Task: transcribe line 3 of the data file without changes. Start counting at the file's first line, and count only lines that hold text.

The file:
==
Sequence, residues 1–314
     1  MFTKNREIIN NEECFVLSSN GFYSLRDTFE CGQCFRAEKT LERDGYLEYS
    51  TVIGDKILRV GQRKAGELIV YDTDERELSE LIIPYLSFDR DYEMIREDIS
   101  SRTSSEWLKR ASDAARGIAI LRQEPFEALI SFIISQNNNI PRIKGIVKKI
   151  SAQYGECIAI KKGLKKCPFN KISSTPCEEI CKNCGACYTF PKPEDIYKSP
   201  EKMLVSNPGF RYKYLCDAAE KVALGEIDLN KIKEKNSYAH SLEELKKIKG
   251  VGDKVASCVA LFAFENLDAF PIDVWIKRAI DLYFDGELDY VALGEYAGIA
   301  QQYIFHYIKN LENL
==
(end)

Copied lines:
    51  TVIGDKILRV GQRKAGELIV YDTDERELSE LIIPYLSFDR DYEMIREDIS